A seductive film with live music, the performance of “Gravity Was Everywhere Back Then” was all about two outsiders, as presented as the kick-off of the fall season of EMPAC at RPI on Friday night.
First was Leonard Wood (played by Michael McGinley), a Kentucky hardware store stock clerk who spent his spare time obsessively constructing a strange and totally bizarre house outside of Louisville that he hoped would cure his wife Mary (played by Donna K) of her terminal cancer. It didn’t work.
Second is the director himself, Brent Green, a self-taught artist/filmmaker, who actually painstakingly reconstructed Wood’s “healing house” full-scale in the backyard of his Pennsylvania home in order to use it as the set of his film. It worked magnificently.
And so did his film/live performance.
“We’re going to show my new movie with live narration, improvised soundtrack and live foley,” Green announced at the start of the evening.
Green took a unique stop-motion approach to his filmmaking effort. The technique is usually employed with inanimate objects in order to bring them to life. But Green’s utilization of stop motion with live actors seemed to have the opposite effect, in essence draining them of life. The results were closer to the work of director Guy Madden than that of the Quay Brothers, and it made for an ideal metaphor for the narrative.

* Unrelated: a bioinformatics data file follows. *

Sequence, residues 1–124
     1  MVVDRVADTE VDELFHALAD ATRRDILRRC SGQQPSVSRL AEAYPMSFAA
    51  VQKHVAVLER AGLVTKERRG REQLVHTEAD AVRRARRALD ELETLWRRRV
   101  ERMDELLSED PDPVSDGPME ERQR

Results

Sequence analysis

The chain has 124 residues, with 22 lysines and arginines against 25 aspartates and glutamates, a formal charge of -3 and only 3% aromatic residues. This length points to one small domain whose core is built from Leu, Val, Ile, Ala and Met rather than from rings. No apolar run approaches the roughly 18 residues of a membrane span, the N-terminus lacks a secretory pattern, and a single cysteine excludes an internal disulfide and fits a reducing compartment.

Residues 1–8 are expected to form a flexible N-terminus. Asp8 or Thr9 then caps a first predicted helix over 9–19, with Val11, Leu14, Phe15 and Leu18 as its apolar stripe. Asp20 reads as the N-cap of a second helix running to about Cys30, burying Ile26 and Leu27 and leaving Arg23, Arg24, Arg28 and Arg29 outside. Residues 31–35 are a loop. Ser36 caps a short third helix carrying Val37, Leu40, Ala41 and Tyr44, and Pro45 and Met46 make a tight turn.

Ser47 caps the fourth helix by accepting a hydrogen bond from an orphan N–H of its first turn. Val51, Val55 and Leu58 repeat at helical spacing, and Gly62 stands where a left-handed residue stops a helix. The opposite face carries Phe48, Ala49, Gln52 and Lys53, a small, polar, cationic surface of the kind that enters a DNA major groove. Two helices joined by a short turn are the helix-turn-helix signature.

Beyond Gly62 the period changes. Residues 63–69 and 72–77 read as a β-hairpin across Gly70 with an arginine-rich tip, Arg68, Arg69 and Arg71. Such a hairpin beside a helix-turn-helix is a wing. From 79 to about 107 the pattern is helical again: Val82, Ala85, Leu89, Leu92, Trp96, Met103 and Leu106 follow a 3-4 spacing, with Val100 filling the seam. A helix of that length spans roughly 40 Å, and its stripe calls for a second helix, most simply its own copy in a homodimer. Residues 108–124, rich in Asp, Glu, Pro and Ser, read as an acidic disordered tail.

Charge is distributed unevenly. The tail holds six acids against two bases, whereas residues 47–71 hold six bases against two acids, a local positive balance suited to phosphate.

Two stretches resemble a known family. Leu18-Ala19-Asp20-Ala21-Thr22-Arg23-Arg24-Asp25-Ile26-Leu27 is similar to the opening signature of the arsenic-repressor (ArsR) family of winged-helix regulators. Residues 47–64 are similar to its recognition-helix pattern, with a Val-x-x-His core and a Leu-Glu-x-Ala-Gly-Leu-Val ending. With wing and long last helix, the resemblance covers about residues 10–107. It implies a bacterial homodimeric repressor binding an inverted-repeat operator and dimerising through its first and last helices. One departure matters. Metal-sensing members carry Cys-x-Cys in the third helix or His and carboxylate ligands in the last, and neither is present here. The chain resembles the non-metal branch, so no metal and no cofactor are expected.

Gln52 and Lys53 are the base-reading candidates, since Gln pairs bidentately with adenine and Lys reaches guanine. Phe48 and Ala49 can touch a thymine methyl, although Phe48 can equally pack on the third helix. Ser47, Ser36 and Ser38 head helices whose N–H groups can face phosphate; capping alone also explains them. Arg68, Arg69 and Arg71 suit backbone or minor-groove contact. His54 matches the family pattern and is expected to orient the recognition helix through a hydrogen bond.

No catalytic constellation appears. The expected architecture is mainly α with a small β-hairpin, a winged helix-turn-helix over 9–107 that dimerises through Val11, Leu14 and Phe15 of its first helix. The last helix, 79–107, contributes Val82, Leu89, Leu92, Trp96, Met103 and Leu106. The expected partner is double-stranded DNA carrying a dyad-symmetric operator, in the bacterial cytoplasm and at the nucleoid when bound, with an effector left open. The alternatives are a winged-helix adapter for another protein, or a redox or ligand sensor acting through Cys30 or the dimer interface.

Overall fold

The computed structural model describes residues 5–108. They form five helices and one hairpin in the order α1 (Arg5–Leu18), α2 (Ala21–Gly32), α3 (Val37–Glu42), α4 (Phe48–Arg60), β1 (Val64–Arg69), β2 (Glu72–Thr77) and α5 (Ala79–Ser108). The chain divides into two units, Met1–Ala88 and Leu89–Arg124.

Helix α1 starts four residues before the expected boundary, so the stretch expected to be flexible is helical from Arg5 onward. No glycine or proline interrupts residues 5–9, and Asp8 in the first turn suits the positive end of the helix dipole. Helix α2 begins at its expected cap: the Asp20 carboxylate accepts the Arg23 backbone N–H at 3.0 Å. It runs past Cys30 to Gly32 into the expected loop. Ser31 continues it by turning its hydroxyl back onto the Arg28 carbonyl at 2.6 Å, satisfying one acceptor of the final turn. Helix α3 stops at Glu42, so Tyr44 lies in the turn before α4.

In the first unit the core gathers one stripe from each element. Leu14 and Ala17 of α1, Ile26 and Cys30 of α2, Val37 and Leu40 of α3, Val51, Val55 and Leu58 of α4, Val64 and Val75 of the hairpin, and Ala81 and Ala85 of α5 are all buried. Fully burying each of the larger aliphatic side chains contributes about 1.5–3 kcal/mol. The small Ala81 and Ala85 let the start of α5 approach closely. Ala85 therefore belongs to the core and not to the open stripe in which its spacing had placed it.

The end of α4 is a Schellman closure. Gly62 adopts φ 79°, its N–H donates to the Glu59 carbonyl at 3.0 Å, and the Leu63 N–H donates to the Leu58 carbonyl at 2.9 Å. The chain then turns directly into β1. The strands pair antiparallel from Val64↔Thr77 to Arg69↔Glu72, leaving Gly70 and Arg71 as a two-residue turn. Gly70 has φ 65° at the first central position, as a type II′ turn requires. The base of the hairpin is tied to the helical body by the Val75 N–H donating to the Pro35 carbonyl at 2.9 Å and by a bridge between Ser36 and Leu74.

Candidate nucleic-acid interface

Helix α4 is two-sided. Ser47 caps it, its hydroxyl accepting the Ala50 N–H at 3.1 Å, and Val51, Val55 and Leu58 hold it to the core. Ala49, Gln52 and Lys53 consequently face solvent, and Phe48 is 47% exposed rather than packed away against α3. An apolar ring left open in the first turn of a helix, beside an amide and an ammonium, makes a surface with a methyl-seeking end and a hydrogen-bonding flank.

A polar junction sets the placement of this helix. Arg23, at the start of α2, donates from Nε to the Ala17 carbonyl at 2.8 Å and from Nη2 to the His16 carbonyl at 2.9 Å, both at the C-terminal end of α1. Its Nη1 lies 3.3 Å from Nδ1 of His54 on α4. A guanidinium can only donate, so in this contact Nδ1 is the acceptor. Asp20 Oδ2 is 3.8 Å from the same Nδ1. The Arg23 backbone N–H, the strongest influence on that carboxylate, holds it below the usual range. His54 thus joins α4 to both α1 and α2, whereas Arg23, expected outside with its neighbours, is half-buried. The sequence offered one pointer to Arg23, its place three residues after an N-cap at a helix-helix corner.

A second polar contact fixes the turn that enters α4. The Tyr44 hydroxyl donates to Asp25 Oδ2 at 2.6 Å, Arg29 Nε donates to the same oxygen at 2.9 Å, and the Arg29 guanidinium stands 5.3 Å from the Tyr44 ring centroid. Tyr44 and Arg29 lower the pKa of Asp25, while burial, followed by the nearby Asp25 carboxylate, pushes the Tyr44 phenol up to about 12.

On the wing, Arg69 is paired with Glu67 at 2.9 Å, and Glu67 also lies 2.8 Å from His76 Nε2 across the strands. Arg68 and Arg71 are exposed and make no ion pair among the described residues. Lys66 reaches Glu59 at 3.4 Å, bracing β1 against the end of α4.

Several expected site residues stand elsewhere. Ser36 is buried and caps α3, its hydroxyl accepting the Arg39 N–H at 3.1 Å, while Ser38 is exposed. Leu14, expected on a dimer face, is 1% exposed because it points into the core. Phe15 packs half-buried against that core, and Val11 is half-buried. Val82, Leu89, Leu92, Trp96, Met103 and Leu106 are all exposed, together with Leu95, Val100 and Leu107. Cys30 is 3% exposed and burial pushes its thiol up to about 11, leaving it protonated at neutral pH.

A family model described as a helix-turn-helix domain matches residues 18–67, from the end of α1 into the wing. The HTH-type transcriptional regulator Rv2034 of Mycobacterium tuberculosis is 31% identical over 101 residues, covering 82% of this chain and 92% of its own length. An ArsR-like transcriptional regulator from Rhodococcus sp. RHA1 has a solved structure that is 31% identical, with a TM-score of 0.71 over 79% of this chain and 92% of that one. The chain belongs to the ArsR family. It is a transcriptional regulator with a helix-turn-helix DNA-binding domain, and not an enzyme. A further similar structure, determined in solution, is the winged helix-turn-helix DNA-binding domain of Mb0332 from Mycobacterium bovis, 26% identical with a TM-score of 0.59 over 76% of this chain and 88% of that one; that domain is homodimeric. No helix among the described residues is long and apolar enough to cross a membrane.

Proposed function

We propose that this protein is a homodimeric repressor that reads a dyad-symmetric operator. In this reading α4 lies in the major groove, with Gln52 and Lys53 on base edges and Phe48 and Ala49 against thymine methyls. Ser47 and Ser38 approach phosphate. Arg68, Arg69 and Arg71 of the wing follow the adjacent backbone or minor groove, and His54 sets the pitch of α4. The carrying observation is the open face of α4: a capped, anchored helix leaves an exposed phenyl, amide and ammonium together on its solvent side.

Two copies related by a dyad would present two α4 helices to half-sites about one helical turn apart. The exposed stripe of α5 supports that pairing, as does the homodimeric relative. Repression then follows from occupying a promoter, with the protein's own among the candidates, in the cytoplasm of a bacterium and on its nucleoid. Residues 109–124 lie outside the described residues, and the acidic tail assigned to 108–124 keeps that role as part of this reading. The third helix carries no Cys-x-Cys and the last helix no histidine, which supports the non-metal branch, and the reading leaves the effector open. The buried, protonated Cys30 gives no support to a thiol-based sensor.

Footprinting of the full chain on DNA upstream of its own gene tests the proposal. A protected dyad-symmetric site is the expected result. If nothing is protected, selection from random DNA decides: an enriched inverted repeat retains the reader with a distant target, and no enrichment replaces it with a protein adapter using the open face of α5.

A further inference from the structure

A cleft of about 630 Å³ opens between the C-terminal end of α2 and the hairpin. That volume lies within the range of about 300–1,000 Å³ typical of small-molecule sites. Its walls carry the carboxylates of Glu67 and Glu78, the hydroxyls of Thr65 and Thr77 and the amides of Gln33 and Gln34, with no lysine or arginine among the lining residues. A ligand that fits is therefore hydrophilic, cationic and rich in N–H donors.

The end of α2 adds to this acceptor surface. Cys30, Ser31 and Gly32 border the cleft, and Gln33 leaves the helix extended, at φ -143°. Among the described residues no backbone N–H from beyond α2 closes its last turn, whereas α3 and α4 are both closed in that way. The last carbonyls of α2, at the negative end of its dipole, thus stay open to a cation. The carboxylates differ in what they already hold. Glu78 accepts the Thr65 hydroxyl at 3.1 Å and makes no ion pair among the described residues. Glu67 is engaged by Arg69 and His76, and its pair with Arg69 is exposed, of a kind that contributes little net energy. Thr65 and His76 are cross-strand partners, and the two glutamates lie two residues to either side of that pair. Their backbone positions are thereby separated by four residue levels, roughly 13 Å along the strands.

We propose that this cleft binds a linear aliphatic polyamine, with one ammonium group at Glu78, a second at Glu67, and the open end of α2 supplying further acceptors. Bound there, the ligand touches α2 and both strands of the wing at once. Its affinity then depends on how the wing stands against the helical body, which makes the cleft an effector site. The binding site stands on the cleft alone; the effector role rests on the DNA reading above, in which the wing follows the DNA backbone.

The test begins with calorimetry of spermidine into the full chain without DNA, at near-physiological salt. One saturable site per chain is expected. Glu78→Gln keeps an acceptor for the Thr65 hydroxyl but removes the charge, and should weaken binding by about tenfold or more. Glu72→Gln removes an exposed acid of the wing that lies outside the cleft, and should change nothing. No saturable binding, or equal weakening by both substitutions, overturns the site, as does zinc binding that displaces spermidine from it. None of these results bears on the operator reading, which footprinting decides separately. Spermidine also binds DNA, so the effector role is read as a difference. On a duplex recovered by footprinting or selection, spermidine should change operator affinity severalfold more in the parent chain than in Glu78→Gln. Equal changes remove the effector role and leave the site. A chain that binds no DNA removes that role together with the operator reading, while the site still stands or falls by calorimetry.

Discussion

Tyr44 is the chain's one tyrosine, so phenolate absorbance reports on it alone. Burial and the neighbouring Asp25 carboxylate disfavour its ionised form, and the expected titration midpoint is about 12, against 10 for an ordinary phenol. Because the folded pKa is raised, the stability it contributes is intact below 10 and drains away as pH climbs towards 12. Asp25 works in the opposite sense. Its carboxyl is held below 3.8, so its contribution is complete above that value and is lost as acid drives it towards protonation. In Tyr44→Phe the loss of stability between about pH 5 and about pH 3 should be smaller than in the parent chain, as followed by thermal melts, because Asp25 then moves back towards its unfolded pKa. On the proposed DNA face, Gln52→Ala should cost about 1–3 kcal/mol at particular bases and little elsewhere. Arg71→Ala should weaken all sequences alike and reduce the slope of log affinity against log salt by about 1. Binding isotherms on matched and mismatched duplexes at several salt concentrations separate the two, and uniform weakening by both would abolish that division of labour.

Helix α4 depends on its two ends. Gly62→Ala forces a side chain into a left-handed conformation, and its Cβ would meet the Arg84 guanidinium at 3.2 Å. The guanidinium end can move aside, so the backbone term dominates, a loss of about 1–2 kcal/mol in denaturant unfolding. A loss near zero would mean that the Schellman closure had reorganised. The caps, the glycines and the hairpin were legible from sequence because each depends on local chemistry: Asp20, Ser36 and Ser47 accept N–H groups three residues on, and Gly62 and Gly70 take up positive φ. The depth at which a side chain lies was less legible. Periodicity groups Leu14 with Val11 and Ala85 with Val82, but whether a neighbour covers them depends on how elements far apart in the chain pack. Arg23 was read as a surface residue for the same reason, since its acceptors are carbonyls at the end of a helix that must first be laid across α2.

Based on a true story, the narrative is utterly fascinating, as Wood drew “blueprints” on scrap cardboard and built his creaking, leaky “healing house” entirely by himself. “Every stair was numbered. Every window was painted a different color,” Green explained in a quavering voice during his intense narration. “He was building toward God. And he was completely broke.”
Ultimately, the 70-minute film is about faith. Or perhaps the lack thereof. “It was a house built of prayers, reaching toward heaven,” Green recited, “begging a silent God for an everyday miracle that never comes.”
Green and Wood seem to come to the same conclusion. “Kneeling by your bed and talking to your hands will never be enough.”
In addition to his ripe, poetic narration, Green also played electric guitar. He was joined onstage by drummer Brendan Canty (of Fugazi), pianist Howe Gelb (of Giant Sand), cellist John Swartz (who provided the most profound sense of melancholy), Donna K (who created the live sound effects for the film) and Drew Henkels (who alternated between a vintage pump organ and a retro-futuristic theremin).
The music was primarily atmospheric, deftly creating a mood of quiet desperation and dashed hopes. Rarely did it drift into song form, yet the sonic element was an essential ingredient in creating Wood’s unique visionary world.
“The truth of this whole thing is that you have to build your own world,” Green fervently explained. “That’s what we do. What we all do.”
(Related story: Performance preview with video)